Click photo to enlarge
In this photo taken on Monday, June 30, 2014, Howard Henderson, who as a boy in New York played catch with baseball legend Lou Gehrig, holds a signed baseball mitt given to him by Gehrig when he was young, near Henderson's Greenwich, Conn., home. Gehrig, a Yankee first baseman and a friend of Henderson's songwriter father, visited his home and Henderson visited him when he had ALS. The mitt, that was autographed by Gehrig with a hot instrument, will be auctioned in July, expecting to fetch $200,000 to $300,000. (AP Photo/Craig Ruttle)

GREENWICH, Conn. (AP) — It was some 80 years ago that Lou Gehrig and the 12-year-old son of a songwriter got bored with talk of music and opted to play catch instead.

The legendary New York Yankees slugger and the boy were fast friends and next time they tossed the ball around the front yard, Gehrig brought Howard Henderson — a fellow lefty — a better glove.

The autographed mitt — "To Howard. I hope you have much luck with this glove as I did. Lou Gehrig." — will be auctioned off July 15. It is expected to sell for between $200,000 and $300,000.

Henderson, now a retired architect who lives in Greenwich, turns 92 on Friday. That's also the 75th anniversary of Gehrig's famous July 4th farewell speech at Yankee Stadium, in which he called himself "the luckiest man on the face of the Earth" despite being diagnosed with amyotrophic lateral sclerosis.

Henderson was used to encountering the famous such as actor Jimmy Durante and actress Ethel Merman. But Gehrig stood out, literally.

"I was impressed. He was big," Henderson said, cupping his hands far apart to describe the size of his calves. "He was a very nice guy, probably one of the nicest people in baseball."

Gehrig and his wife, Eleanor, were friends with Henderson's father, Ray. Gehrig's wife aspired to be a songwriter herself, Henderson said.


Advertisement

"We weren't interested. Somebody suggested let's go out on the front lawn and play catch," Henderson said.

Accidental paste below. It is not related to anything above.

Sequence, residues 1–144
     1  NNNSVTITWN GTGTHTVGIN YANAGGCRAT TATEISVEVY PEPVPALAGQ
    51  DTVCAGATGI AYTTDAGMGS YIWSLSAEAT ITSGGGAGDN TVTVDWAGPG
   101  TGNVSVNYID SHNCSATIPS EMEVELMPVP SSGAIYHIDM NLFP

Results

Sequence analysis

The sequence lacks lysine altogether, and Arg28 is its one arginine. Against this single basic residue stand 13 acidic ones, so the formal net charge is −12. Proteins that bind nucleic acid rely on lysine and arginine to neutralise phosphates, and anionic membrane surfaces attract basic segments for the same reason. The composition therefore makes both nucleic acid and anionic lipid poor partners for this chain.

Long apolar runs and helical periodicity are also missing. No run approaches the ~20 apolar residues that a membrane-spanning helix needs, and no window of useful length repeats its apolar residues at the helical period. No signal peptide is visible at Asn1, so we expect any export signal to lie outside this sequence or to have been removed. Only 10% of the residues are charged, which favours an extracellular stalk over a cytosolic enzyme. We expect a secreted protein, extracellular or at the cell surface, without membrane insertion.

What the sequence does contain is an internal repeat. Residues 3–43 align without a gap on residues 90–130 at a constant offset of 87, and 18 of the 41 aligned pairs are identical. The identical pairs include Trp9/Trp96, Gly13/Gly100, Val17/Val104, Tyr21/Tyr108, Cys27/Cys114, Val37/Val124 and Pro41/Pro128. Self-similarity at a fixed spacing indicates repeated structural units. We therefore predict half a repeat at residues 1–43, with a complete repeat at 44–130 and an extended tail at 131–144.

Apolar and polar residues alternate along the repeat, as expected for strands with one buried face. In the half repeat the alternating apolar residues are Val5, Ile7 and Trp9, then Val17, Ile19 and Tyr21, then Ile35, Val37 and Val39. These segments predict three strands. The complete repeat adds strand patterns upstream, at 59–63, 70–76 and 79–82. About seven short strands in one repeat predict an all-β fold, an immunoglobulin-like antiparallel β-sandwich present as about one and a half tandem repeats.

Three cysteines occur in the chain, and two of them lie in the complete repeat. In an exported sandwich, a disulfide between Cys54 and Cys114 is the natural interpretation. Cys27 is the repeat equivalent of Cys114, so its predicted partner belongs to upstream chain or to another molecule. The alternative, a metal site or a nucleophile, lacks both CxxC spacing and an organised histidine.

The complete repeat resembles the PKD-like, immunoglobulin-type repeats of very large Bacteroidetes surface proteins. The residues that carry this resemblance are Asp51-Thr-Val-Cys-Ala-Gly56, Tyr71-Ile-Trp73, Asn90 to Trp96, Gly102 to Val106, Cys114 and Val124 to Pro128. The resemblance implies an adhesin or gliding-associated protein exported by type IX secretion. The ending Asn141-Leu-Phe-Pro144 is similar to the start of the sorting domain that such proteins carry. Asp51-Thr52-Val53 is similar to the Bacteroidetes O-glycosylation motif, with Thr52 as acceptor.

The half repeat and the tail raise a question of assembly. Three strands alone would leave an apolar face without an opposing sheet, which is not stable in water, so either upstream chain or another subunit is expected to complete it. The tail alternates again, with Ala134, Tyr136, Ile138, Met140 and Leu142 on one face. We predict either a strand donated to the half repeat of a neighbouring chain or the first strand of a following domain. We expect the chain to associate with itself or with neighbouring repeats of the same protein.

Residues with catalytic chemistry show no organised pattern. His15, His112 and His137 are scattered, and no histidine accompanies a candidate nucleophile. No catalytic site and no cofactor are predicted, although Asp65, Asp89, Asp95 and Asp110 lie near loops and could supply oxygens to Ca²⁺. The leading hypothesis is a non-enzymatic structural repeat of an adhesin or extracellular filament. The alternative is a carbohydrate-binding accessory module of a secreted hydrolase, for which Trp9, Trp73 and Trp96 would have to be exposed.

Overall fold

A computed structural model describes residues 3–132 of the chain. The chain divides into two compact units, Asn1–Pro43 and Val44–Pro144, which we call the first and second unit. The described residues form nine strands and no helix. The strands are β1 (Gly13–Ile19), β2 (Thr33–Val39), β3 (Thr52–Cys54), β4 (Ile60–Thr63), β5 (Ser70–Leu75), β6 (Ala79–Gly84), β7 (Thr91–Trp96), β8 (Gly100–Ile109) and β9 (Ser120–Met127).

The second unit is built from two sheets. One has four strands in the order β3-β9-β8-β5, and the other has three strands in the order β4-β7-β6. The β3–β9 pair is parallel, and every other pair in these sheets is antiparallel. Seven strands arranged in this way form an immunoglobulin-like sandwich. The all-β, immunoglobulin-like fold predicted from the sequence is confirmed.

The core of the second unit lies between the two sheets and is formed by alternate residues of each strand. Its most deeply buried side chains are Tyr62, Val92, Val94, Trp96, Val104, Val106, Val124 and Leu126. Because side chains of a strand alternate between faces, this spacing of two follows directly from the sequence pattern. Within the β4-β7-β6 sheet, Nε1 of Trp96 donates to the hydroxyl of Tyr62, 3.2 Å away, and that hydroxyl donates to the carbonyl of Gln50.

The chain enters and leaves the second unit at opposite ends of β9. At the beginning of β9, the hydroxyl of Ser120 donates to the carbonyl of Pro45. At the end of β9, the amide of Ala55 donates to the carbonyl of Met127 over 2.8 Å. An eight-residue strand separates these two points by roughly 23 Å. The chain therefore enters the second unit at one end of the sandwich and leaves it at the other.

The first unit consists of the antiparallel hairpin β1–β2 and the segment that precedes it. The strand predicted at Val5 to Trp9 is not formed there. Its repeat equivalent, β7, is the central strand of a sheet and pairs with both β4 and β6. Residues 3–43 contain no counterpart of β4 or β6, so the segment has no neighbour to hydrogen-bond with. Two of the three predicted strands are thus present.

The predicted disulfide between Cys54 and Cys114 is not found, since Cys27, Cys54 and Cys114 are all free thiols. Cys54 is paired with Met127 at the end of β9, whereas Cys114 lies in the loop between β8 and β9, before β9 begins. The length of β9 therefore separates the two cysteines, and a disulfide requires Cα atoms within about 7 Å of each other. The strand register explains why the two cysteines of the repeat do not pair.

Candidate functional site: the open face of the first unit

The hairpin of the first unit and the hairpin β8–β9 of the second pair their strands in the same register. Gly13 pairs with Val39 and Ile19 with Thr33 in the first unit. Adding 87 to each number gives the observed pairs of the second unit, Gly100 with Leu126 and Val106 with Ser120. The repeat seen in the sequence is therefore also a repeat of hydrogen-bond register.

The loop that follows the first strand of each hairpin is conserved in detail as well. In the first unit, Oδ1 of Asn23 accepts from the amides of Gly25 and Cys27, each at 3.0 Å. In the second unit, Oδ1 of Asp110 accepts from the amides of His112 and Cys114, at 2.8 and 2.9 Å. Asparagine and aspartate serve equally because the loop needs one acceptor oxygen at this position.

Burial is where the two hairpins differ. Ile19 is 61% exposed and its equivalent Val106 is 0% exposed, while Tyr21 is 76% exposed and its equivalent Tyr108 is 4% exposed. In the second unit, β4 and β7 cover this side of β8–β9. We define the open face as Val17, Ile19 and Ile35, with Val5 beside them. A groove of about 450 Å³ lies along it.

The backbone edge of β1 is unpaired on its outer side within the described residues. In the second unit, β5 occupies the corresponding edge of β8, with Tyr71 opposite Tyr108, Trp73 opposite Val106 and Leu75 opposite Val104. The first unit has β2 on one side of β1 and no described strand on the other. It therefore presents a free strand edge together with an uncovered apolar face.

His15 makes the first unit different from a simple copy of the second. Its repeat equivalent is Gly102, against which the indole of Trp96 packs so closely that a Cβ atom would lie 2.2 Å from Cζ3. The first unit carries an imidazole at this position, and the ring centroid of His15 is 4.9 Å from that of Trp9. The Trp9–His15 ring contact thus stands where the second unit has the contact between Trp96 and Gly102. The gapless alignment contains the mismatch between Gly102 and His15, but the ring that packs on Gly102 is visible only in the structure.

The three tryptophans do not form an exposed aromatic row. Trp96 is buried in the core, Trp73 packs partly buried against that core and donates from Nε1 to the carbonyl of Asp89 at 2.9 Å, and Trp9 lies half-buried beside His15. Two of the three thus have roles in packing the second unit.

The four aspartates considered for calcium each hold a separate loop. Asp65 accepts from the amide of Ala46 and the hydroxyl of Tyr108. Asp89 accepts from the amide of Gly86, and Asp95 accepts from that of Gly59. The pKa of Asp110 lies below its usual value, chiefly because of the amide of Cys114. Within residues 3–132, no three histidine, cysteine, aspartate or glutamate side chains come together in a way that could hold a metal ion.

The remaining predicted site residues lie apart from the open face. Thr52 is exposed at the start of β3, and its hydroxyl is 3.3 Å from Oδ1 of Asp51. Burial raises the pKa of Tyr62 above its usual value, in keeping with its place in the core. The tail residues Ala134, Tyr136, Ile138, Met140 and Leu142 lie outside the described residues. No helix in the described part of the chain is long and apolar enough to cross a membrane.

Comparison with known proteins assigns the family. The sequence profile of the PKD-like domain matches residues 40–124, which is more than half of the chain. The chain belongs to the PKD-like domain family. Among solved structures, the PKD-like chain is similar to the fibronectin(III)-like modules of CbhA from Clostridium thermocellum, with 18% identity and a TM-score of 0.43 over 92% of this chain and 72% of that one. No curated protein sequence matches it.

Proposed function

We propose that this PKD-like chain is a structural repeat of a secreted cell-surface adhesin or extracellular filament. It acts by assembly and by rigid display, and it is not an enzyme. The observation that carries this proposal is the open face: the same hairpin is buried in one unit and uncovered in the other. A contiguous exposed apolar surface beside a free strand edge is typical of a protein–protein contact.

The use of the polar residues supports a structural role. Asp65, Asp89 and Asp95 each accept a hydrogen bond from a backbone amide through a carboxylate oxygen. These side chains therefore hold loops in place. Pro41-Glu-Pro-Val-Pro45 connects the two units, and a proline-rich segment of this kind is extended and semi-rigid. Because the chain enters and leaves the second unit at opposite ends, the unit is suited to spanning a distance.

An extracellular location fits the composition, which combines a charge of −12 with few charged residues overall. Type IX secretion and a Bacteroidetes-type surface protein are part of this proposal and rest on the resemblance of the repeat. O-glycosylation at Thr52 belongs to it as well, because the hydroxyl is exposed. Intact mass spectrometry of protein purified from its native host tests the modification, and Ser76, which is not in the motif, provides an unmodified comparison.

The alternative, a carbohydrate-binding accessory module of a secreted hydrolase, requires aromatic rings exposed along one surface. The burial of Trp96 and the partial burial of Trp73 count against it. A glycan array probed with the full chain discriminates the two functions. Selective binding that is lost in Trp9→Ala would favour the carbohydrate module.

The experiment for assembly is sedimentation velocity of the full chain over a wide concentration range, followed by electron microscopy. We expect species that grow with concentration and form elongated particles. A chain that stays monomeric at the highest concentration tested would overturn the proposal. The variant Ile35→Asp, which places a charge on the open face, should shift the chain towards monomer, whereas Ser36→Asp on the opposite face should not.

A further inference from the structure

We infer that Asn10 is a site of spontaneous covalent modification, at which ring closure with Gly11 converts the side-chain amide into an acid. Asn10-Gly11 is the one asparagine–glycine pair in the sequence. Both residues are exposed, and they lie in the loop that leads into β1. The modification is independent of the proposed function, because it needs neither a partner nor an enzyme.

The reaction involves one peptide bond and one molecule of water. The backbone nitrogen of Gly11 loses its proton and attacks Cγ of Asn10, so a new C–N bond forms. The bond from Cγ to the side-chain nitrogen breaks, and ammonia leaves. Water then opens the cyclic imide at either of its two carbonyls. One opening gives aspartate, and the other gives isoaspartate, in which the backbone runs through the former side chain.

Gehrig promised to bring Henderson a better glove the next time he visited the family's Bronxville, New York, home.

"He said 'this one is already broken in. I used it for part of the season,'" Henderson said.

David Hunt, president of Hunt Auctions, which is selling the glove and a photo on behalf of Henderson, said he's confident it is Gehrig's signed glove but can't prove he used it in a game, though he likely did. Hunt said they couldn't find the exact glove among the photos of Gehrig, but found images of very similar mitts Gehrig wore in the 1930s.

"It's our strong belief that this has a wonderful chance of being a glove that not only did Gehrig sign and inscribe but actually used," Hunt said.

Henderson and Gehrig kept in touch after their front lawn tosses. Henderson once visited him in the dugout and, later, at his home as the hall of famer's health worsened because of the condition that would later be commonly known as Lou Gehrig's disease.

Gehrig was dying when Henderson visited him at his home in the Riverdale section of the Bronx, but was cautioned by Gehrig's wife not to talk about his illness and to keep the visit short. Gehrig was in a bathrobe and slippers, sitting in a wheelchair at the dining room table.

A friend came into the house and walked around the room, suddenly grabbing the flowers in a vase and eating them like peanuts. It was Pitzy Katz, a comedian.

"Lou said, 'Stop eating the flowers. Laughing hurts,'" Henderson said.